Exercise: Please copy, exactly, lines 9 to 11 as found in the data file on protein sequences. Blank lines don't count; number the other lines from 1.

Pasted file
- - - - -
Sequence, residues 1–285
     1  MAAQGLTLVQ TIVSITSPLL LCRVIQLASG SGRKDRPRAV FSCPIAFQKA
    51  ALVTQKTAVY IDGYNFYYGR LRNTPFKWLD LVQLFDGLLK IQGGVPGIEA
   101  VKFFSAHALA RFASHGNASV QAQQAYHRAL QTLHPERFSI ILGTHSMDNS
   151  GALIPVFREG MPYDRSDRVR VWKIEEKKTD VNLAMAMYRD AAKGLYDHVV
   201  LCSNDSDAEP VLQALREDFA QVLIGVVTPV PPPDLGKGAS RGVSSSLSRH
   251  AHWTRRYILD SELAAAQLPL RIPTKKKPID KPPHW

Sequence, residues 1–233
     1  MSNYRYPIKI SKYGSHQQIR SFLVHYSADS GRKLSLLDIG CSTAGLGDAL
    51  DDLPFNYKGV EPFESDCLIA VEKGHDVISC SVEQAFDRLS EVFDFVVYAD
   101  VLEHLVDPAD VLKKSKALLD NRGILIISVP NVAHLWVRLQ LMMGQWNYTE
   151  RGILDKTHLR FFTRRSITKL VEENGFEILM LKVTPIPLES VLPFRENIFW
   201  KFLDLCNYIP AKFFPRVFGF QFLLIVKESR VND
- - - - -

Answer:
     1  MSNYRYPIKI SKYGSHQQIR SFLVHYSADS GRKLSLLDIG CSTAGLGDAL
    51  DDLPFNYKGV EPFESDCLIA VEKGHDVISC SVEQAFDRLS EVFDFVVYAD
   101  VLEHLVDPAD VLKKSKALLD NRGILIISVP NVAHLWVRLQ LMMGQWNYTE